For more, read this week’s Connacht Tribune.

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Or purchase the Digital Edition for PC, Mac or Laptop from Pagesuite  HERE.

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The Connacht Tribune Live app is the home of everything that is happening in Galway City and county. It’s completely FREE and features all the latest news, sport and information on what’s on in your area. Click HERE to download it for iPhone and iPad from Apple’s App Store, or HERE to get the Android Version from Google Play.

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Connacht Tribune

Early reality check might prove a good thing for Galway footballers

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Galway’s Johnny Heaney secures possession against Mayo’s Jack Coyne during Saturday's Connacht FBD League semi-final in Bekan. Photo: Joe O'Shaughnessy.

Inside Track with John McIntyre

IF the Galway footballers and team management needed any reminding that their substantial progress in 2022 offers no guarantees for the season ahead, they would have got in spades in Bekan on Saturday evening. Losing a FBD League semi-final to arch-rivals Mayo is no big deal in itself, but does underline the reality that the Tribesmen can’t take for granted building on last year’s achievements. And that may be no bad thing in the long run.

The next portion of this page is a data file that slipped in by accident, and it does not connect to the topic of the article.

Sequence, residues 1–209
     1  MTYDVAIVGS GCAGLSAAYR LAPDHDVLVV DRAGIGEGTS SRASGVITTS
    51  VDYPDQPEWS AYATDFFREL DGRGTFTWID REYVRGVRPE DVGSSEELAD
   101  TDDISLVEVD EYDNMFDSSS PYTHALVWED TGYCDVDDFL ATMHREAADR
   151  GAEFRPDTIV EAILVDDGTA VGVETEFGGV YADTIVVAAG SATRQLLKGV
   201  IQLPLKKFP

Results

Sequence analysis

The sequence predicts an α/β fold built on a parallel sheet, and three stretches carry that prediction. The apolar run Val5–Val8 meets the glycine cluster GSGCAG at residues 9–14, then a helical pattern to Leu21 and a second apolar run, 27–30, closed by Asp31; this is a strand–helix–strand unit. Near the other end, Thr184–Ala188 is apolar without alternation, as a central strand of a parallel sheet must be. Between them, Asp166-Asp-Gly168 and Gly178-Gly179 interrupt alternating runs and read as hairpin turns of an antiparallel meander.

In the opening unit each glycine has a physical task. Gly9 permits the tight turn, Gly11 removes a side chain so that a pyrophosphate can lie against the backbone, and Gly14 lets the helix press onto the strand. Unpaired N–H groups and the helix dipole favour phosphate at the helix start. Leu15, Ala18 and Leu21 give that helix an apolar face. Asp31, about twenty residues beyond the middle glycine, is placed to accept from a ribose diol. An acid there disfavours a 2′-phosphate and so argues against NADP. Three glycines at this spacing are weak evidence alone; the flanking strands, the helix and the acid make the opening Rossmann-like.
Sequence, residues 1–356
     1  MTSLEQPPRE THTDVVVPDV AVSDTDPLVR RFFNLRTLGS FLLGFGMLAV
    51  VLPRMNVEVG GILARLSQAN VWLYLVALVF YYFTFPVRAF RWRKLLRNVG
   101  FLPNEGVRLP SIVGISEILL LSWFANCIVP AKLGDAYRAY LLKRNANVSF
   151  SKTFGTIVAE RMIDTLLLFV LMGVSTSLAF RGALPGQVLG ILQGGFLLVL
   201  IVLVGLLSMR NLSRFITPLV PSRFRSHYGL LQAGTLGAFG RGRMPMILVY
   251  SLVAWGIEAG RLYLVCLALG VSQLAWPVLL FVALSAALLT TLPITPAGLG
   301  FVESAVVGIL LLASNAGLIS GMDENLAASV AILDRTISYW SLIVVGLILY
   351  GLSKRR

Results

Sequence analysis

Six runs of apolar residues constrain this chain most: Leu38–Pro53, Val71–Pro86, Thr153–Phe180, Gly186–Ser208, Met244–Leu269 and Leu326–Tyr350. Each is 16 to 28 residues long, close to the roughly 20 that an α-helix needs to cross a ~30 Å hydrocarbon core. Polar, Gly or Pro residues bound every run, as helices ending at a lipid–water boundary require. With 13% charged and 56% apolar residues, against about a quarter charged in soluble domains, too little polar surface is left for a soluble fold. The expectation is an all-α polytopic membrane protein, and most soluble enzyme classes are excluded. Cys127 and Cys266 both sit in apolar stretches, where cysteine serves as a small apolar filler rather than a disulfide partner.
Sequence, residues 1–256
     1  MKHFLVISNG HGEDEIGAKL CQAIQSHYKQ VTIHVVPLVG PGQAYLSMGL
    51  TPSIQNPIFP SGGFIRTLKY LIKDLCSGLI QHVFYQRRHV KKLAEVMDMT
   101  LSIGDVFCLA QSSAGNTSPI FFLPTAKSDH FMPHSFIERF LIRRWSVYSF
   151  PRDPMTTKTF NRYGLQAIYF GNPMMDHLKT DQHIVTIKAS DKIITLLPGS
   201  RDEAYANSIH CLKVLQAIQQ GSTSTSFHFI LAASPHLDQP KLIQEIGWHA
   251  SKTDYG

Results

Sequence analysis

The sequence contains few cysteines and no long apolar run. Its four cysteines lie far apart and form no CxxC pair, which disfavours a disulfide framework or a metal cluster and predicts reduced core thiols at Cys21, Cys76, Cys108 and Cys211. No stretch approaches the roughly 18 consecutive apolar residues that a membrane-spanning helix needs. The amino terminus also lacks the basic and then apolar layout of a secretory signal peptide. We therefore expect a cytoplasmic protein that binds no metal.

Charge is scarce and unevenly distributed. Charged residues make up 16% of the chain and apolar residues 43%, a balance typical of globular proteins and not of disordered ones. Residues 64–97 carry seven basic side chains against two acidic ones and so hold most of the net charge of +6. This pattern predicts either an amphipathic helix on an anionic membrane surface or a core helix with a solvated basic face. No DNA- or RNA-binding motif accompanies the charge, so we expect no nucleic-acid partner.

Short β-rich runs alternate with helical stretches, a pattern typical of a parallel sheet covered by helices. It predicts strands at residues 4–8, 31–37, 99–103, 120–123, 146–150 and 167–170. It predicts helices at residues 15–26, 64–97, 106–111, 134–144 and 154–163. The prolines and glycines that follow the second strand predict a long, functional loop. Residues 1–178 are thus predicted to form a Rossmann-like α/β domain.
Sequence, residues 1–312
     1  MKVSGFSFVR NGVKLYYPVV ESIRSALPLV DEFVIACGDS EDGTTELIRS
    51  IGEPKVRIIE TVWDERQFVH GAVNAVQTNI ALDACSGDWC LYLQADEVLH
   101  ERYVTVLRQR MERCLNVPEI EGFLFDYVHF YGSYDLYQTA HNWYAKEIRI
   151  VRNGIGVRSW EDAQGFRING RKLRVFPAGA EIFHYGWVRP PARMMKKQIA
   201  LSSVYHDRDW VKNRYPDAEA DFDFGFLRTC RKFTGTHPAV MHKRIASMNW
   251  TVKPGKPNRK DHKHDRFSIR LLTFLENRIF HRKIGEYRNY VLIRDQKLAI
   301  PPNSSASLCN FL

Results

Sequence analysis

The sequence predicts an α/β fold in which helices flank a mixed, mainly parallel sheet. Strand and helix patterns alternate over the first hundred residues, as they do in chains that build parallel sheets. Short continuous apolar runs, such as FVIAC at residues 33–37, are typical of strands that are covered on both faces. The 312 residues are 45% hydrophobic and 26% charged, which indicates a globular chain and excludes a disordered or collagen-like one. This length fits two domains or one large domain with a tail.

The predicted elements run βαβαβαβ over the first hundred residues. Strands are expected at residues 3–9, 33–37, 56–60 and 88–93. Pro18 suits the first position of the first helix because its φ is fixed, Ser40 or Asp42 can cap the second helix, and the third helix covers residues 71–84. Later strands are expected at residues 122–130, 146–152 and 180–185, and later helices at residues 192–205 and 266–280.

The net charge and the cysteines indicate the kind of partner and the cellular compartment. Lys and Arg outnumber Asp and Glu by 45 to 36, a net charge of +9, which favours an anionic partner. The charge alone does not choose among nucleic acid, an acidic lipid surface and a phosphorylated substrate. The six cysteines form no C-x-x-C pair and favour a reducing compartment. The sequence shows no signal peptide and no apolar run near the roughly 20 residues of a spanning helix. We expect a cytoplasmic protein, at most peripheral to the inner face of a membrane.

Naturally, Padraic Joyce would have preferred if Galway had got over the line at the weekend, especially in the context of preventing Mayo building up early season momentum under new manager Kevin McStay. In the end, he was probably grateful his team were only three points adrift after a difficult second quarter.

When Mayo went 2-10 to 0-5 ahead early in the second-half, it appeared Galway might suffer a hiding. Their goals came from Jordan Carr and Paul Towey, with Matthew Ruane and Jordan Flynn dominant around midfield. Mayo were also performing with the greater energy.

Gradually, however, Galway got to the pitch of the battle, thanks in no small way to the telling contribution of substitute Tomo Culhane, a player who didn’t make the match-day squad for last year’s All-Ireland final. The Salthill/Knocknacarra clubman scored 2-2 after coming on to revive the Tribesmen’s challenge

With Matthew Tierney also finding the opposition net, Galway were belatedly building up a head off steam. Mayo, however, just did enough to hold on with Towey, Aiden Orme and Bryan Walsh picking off some invaluable points, although it took Rory Byrne’s late save from Nathan Grainger to keep their noses in front.

For more, read this week’s Connacht Tribune.

Connacht Tribune Digital Edition App

Download the Connacht Tribune Digital Edition App to access to Galway’s best-selling newspaper.

Click HERE to download it for iPhone and iPad from Apple’s App Store, or HERE to get the Android Version from Google Play.

Or purchase the Digital Edition for PC, Mac or Laptop from Pagesuite  HERE.

Get the Connacht Tribune Live app
The Connacht Tribune Live app is the home of everything that is happening in Galway City and county. It’s completely FREE and features all the latest news, sport and information on what’s on in your area. Click HERE to download it for iPhone and iPad from Apple’s App Store, or HERE to get the Android Version from Google Play.